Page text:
Barcelona: French sprinter Christophe Lemaitre was the star of the show at the European championships with a haul of three gold medals, but he still looks well below the pace to challenge the likes of Usain Bolt and Tyson Gay.
The tall, gangly 20-year-old from Annecy went through last week’s championships unbeaten, wowing the crowd with a late blast of acceleration that left rivals in his wake.
But his winning 100 metres time of 10.11, albeit into a head wind, would not have been good enough to make the final at last year’s world championships and is unlikely to give much concern to the three fastest men -- Bolt, his Jamaican compatriot Asafa Powell and American Gay.
Lemaitre’s best of 9.98 seconds is 0.4 slower than Bolt’s world record -- a huge margin over the short sprint -- but the quiet Frenchman is confident he can get better.
“I honestly don’t know how much faster I can go. I don’t know what my limit is,” he told Spanish sports daily Marca.
“My coach, Pierre Carraz, says I can do 9.92.
“I need to improve my start and in the 200 I need to work on running the bend,” said Lemaitre, who is still juggling electrical engineering studies with his running career.
Expectations will be high at next year’s world championships in Daegu, South Korea, especially as he is faster over 100 metres than triple Olympic champion Bolt was at the same age.
However, Europe’s best made little impact when he faced Bolt over 100 at last month’s Paris Diamond League meeting, finishing in 10.09 well behind the Jamaican (9.84), Powell (9.91) and Yohan Blake (9.95).
Lemaitre was also second to Powell in Rome in June, clocking 10.09 against his rival’s 9.82.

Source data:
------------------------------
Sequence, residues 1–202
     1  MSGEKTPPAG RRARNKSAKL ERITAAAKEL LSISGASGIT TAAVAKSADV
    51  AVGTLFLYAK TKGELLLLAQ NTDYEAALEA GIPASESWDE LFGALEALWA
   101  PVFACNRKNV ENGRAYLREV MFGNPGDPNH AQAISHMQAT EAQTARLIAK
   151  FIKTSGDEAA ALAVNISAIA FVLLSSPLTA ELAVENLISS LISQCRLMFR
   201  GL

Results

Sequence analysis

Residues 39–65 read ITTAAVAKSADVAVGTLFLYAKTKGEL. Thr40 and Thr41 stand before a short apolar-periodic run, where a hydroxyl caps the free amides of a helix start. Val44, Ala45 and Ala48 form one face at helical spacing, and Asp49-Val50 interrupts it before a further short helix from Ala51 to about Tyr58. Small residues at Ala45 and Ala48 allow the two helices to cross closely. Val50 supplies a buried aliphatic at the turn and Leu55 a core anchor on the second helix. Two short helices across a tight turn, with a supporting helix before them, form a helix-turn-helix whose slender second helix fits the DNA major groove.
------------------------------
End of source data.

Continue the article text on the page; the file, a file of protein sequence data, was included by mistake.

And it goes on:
The last European to win a global 100 title was Britain’s Linford Christie at the 1993 world championships, a year after taking the Olympic gold in Barcelona.
Double Olympic champion Valeriy Borzov believes Europe will have a while to wait before the next one.
“He’s young and he’s strong but I’m a little sceptical,” said Borzov, who did the sprint double at the 1972 Games representing the Soviet Union.
“He needs to get to 9.60 and it’s not possible now, maybe only in a few years. I’m not sure he can compete with the Americans or Jamaicans,” Borzov told reporters.
Former sprinter Darren Campbell, the last European to win a world championship medal over 100 metres, when he took a bronze in Paris in 2003, was more optimistic about Lemaitre’s potential against the sprinting powerhouses of the U.S. and Jamaica.
“Other sprinters will take him seriously, now. Because he won a title,” Briton Campbell told L’Equipe.
“He can run 9.90 and 19 (seconds), easily, over 200. You have to be patient, of course.
“I think we have found our new medallist. All right, he won’t run 9.60 right now but he can achieve what I achieved and who knows what he can do in the future. I don’t set him any limits.”